Turned Away with One Innocent Choice

Turned Away with One Innocent Choice

The death of Solomon brought about a division to his powerful kingdom when ten of the twelve tribes of Israel refused to accept Solomon’s son as the next king. They established a new kingdom, known as Israel, with their own king. They not only turned away from the house of David but tragically turned away from God.

For two hundred years, God’s messengers, the prophets, pleaded with the new kingdom to return to God, but it never happened. They had a total of nineteen kings and not a single one of them ever served God faithfully.

When God ultimately sent the Assyrian army to destroy rebellious Israel, Hezekiah was king of the small southern kingdom known as Judah. The Assyrians first destroyed Israel and then sent this army to do the same to the southern kingdom. Hezekiah turned to God for help, who completely destroyed the Assyrian army, killing 185,000 Assyrians in one night. His great faith in God stands as one of the greatest illustrations of what God can do for those who trust Him.

However, Hezekiah later made a mistake which ultimately brought about the destruction of the Solomon’s temple and the captivity of the Jews. Just eight years after the fall of Israel, Isaiah came to Hezekiah from God, saying that he was about to die. Hezekiah, not yet forty years old, turned again to God, and his prayer changed the mind of God. Instead of dying, God added fifteen years to Hezekiah’s life.

Evidently his recovery was widely known. One kingdom, a very small insignificant one at that time, sent an envoy with letters and a gift to “celebrate” his recovery. Hezekiah foolishly showed them all of the wealth and the grandeur of his kingdom. That small kingdom was meaningless when compared to the great kingdoms of the world. Hezekiah described them to Isaiah being from “a far country.” A hundred years later, that small kingdom became powerful Babylon and destroyed Jerusalem and plundered all of its treasure.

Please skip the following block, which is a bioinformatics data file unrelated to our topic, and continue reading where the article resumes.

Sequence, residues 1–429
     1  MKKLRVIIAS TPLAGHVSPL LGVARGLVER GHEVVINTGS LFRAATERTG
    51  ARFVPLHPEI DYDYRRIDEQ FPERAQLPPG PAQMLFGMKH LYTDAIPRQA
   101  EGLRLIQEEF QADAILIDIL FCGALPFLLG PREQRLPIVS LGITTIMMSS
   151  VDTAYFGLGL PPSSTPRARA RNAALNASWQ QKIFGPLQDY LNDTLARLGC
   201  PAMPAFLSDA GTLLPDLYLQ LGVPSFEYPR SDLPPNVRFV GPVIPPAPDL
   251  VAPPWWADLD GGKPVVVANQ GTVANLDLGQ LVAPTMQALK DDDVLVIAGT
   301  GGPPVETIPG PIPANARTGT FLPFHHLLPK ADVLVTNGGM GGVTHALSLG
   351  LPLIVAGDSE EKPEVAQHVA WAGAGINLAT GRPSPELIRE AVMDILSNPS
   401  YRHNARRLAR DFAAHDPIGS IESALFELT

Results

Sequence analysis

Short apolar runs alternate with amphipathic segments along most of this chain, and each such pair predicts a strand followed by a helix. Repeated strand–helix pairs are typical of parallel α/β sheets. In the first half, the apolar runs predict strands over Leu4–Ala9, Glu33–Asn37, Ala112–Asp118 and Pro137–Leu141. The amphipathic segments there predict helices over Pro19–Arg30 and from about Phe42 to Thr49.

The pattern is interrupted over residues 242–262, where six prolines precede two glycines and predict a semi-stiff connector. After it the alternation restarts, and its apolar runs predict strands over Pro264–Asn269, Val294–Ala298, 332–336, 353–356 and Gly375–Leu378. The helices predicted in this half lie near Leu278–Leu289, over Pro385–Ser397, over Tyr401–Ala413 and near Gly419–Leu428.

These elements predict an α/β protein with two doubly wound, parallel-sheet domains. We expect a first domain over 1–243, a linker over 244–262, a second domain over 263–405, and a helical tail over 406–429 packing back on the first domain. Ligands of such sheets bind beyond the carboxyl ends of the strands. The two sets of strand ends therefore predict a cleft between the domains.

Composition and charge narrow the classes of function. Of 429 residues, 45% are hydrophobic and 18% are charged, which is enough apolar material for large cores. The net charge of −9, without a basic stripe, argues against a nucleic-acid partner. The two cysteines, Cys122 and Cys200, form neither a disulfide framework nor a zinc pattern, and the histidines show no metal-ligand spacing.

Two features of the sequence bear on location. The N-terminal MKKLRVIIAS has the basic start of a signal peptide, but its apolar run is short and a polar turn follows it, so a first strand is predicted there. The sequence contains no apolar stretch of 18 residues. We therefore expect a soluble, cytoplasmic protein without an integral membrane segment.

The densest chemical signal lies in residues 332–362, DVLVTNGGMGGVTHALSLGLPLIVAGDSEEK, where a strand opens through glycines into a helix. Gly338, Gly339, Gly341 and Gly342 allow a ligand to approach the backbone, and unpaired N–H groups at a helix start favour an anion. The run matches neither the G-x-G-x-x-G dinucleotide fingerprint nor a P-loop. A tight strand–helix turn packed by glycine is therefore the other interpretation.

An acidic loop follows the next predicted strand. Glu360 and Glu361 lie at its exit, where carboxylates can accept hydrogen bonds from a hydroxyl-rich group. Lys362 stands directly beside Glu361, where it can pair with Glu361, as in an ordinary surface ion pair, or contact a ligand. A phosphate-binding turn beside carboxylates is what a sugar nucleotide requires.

Hezekiah did not see how showing his kingdom could ever bring ruin, but it did. Innocent choices can lead to great ruin. Teens’ choices of ungodly friends have destroyed many. “Innocent” flirtations in the office have lead to adultery. That first drink, lowering the inhibition to do wrong, has brought tragedy to many. The list is endless. As you make decisions, remember it was one “innocent” mistake which brought ruin to Jerusalem and brings ruin to many lives today.

Ask God to give you wisdom and turn to His book of wisdom to avoid “innocent” mistakes which ruin lives.

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